Tough, permanent, and immutable

Ali Bin Abi Taleb, the fourth Muslim Caliph, once said that there are three things that a man should not disclose: dahabak (your gold), zahabak (your whereabouts), mazhabak (your sect). Wise words from a wise man—completely absent in the world we live in.

Last week during the Catholic Easter, I heard all kinds of jokes from my Greek Orthodox friends, because it did not rain on Good Friday, claiming that it undoubtedly would rain on the Orthodox holiday, which falls on April 23. Not only did it not rain on March 21, the weather took a U-turn and it became exceptionally hot in Damascus!

That day I called up a friend to wish her the best on Easter and joked, “Are you Catholic or Orthodox?” She replied, “I hate that question and I refuse to answer it!” I was belittled by my own silly question and was ashamed of myself for asking. This petty sectarianism is even more magnified when it comes to Shiites and Sunnis in the Muslim faith.

The Sunnis of the Muslim World, this time thanks to Western media and its side-affects on the Arab press, are starting to refer to Shiites as if they were a different religion—coming from a different planet. Just look at the news coming from Iraq: “Omar, a Sunni barber, was gunned down by Ali, a Shiite car mechanic, in al-Mansour, a mixed Shiite-Sunni neighborhood of Baghdad!”

These are values worth revisiting as we celebrate 62 years of our Independence Day on April 17, 2008. Tough, permanent, and immutable; these three words best describe Syria during the 26-long years of the French Mandate. The people of Syria worked together, shoulder-to-shoulder, to end the Mandate, sacrificing their wealth, health, and youth for the sake of independence. They did not differentiate between Catholic or Orthodox, Sunni or Shiite, Muslim or Christian.

During an air raid on Damascus in 1925, the French High Commissioner Maurice Sarrail ordered his troops to evacuate the Christian quarters, thinking that they would be invaded and plundered by Muslim rebels, thus igniting a civil war that would break the Syrian Revolt. The rebel leader Hasan al-Kharrat, a night watchman in the Shaghour, dashed to the Qassa neighborhood and went into a Church, where he was confronted by a Priest. “We came to protect you, Father” said Kharrat. Enraged, the priest snapped back, “Protest us? From whom? The day that Syrian Christians need protection to be in Damascus has not come, my son. Go out and you will find all the young men in al-Qassa and Bab Touma. All are tough and reliable patriots. Pick and take with you to the Syrian Revolt. All of us are at the service of Syria!”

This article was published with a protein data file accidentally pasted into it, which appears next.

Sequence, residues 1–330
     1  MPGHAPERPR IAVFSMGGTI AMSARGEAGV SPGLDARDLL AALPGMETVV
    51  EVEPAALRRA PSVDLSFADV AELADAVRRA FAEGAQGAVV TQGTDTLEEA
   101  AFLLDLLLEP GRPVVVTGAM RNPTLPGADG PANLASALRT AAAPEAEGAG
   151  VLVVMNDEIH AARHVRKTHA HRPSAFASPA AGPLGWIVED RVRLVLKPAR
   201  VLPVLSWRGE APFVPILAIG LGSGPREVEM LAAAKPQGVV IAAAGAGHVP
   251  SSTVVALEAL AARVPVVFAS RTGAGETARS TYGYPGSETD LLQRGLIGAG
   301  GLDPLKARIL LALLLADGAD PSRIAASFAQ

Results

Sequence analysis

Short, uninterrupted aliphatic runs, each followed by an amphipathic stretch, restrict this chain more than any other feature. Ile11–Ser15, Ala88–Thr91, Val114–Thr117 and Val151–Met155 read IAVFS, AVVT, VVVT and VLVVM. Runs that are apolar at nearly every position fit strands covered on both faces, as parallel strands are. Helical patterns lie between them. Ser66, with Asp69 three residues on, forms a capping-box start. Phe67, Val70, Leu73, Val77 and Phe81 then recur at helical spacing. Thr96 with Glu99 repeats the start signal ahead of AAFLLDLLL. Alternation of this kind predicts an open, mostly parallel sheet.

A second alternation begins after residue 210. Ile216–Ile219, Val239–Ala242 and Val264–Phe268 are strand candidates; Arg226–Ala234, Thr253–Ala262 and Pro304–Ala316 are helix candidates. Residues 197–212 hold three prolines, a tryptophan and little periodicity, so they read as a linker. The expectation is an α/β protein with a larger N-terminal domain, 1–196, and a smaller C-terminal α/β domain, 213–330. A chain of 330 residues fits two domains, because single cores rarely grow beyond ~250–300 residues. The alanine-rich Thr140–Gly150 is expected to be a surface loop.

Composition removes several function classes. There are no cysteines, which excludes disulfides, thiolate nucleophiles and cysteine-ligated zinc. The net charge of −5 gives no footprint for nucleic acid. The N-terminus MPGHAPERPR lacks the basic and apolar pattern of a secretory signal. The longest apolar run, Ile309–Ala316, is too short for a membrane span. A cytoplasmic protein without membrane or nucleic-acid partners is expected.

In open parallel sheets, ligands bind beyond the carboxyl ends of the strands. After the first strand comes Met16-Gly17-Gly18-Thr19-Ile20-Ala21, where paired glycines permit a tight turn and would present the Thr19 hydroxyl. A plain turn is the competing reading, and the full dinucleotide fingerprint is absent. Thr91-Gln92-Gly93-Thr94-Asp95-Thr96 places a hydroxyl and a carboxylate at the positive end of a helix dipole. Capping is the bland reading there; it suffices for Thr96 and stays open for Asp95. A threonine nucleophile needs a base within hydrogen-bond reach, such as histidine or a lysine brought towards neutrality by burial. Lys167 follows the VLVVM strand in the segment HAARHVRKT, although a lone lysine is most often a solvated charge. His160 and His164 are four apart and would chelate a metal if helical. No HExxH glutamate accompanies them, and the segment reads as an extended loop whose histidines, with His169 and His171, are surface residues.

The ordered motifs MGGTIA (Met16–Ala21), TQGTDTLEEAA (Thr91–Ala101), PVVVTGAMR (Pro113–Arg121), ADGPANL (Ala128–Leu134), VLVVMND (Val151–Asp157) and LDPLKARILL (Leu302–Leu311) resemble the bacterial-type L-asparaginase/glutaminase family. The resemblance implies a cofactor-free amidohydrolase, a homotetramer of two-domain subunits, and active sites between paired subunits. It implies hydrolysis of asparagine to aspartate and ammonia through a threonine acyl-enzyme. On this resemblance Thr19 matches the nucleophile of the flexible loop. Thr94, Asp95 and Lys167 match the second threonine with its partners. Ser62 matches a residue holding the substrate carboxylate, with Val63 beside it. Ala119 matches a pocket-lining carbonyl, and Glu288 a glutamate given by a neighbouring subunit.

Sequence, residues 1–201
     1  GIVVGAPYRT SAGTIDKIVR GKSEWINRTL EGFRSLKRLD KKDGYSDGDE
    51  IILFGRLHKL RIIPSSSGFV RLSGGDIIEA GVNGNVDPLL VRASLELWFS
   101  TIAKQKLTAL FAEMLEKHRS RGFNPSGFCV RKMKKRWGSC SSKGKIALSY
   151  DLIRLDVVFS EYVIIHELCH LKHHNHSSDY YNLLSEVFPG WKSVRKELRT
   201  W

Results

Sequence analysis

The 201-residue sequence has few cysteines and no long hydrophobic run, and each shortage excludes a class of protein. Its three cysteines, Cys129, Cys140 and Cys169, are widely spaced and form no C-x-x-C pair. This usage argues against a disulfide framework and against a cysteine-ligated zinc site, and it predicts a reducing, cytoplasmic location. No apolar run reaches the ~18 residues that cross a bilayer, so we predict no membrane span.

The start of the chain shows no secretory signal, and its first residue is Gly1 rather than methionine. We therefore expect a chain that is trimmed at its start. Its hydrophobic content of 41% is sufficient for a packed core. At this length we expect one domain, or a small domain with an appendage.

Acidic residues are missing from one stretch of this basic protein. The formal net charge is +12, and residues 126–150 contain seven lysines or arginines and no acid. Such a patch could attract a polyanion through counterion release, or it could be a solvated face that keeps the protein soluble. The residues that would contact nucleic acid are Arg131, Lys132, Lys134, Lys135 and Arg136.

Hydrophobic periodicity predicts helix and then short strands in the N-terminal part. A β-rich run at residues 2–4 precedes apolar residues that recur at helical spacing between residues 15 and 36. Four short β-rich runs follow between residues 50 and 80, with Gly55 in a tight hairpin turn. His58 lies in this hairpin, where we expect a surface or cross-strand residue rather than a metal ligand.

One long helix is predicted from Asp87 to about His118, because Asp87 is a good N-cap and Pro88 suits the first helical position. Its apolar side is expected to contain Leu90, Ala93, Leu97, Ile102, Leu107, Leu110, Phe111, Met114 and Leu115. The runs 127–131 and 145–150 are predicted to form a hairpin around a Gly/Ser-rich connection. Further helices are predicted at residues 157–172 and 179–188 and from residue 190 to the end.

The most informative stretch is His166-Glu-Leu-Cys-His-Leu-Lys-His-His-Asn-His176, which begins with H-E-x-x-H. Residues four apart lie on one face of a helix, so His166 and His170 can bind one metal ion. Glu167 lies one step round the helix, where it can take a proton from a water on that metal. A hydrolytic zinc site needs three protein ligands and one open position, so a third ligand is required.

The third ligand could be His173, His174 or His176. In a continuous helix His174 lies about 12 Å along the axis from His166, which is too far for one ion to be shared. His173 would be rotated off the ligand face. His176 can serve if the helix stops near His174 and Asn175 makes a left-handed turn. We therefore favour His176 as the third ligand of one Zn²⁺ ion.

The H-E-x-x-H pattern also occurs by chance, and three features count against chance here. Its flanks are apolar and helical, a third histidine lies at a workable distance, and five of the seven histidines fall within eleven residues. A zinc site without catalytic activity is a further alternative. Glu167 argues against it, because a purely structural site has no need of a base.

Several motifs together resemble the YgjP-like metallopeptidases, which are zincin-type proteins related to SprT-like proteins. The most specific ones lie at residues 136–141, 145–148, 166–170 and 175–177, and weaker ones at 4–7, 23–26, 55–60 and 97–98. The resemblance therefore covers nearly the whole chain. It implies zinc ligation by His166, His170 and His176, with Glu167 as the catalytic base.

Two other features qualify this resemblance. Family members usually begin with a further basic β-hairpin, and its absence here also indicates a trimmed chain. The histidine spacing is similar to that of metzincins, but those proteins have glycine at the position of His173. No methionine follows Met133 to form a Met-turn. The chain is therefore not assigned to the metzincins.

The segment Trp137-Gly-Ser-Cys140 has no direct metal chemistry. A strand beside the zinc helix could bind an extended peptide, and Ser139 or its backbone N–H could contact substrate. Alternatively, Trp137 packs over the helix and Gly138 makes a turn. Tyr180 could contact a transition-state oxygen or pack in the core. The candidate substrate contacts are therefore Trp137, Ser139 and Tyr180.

It must be noted that when the French invaded in 1920, the High Commissioner Henri Gouraud famously visited the tomb of Saladin and said, “We are back O’ Saladin. My presence here marks the victory of the Cross over the Crescent!” While he was uttering these words, the Greek Orthodox Patriarch Gregarious Haddad was selling Church jewels to finance the revolt of Ibrahim Hananu in northern Syria. Gouraud did not represent the Cross; he represented the ambitions of an imperial power wanting to conquer new territory. The Syrians of those times produced a Christian prime minister nicknamed ‘Mohammad’ Fares al-Khoury, a man who vigorously defended Islam from the pulpit of the Ottoman, and later Syrian Parliament.